In many warehouses, strapping – whether by hand or machine – is an everyday activity. However, if the number of items you are sending increases, doing it by hand can become a time consuming task.
As Signet has multiple warehouses to run, they understand the challenges that warehouses face when trying to improve efficiency in various processes – including strapping.
While one of the simplest ways to improve efficiency is to invest in machinery, it is important to look at all of the factors when making that decision.
Why change your strapping method?
An important consideration factor is the time savings that could be generated. Cutting the strap, wrapping it around your boxes and then sealing it with a buckle or seal takes time. Those minutes could be better utilised in other areas of your business.
Hand strapping can also highlight other potential risks, including:
- Inconsistent strapping tension – this could lead to your items moving while they are being transported and getting damaged.
- Unnecessary waste – if you are strapping boxes together and 30cm of strapping is being pulled from the roll and thrown away each time, the strapping is not being used efficiently. This could also mean that strapping is ordered more frequently than actually required and increasing your expenses.
- Increased risk of OH&S injuries – injuries from incorrect bending, stretching or using equipment incorrectly etc. are common risks associated with most manual labour tasks. Reducing some of the manual labour can help minimise those risks.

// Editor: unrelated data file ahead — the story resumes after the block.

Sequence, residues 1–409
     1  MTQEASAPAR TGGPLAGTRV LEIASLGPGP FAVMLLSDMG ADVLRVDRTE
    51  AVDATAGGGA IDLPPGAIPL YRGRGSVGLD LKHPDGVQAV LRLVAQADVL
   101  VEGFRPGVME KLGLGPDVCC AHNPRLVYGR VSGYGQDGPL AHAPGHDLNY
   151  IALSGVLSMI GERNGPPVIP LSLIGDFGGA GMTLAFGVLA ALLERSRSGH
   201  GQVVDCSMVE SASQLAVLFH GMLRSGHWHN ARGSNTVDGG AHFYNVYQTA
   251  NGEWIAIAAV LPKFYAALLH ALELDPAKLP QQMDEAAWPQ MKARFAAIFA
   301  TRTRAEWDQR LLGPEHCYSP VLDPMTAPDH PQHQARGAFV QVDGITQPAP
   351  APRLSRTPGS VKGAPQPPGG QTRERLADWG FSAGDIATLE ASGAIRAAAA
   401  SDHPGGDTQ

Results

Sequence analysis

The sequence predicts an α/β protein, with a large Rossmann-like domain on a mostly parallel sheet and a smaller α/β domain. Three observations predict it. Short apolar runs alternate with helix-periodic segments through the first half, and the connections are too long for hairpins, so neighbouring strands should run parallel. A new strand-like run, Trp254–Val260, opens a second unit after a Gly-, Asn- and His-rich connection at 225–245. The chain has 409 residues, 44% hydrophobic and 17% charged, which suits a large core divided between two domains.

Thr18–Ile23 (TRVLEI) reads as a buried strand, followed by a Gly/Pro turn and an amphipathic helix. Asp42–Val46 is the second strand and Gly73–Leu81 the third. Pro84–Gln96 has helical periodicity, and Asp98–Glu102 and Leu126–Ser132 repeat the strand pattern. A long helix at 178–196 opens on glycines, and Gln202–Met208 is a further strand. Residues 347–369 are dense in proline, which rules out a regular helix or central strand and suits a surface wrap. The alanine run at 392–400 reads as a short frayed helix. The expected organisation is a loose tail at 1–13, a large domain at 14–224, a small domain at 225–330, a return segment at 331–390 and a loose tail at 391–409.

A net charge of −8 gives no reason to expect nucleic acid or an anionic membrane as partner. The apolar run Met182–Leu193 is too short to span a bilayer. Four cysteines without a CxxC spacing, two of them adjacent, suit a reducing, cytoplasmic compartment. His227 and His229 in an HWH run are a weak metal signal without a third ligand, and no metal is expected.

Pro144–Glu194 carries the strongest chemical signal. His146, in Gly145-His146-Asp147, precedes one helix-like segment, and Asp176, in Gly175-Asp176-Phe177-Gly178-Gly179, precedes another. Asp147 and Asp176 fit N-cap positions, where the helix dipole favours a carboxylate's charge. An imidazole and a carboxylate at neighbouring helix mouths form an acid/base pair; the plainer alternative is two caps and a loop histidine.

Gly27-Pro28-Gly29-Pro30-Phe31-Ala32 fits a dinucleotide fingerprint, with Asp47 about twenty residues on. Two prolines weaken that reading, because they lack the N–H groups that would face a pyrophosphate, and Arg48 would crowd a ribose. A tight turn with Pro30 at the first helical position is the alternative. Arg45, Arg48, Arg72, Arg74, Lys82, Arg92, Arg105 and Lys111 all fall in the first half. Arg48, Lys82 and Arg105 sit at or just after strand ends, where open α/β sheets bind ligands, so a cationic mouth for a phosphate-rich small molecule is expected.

What are the benefits of switching to a strapping machine?
Time savings are one of the most significant benefits that machinery can create. Imagine if your team had the opportunity to use the time that was previously spent hand strapping boxes upskilling to help create efficiencies in other parts of your business or creating Continuous Improvements measures that could make their day run even smoother – what else could your business gain?
Additional benefits include:
- Standardised wastage – by standardising your strapping process, there could be a reduced amount of waste, as employees aren’t using more strapping than necessary to complete the job. This could also create flow on stock and cost benefits, as less strapping would be needed to complete the same activity when using a machine.
- Consistent tension – securely strapping your items is key to reducing the risk of damage during transportation.
- Reduced costs – when using hand strapping, additional items are required. Removing the need for additional buckles or seals etc. to finish strapping your goods is a great factor to keep in mind when looking at a machine.
- Safer OH&S practices.
What challenges do strapping machines create?
Just like any change to your business and its processes, the potential challenges need to be considered.
Possible challenges include:
- Lack of space – machine footprints can vary from 750mm in length x 550mm in width to 1180mm in length x 620mm in width. If you have a small or limited amount of space available, making room for a machine could be difficult.
- Power outages and possible downtime as a result.
If you strap more than 25 items a day, a strapping machine could be the solution you have been looking for to improve efficiency. You could also see savings in as little as 6 months.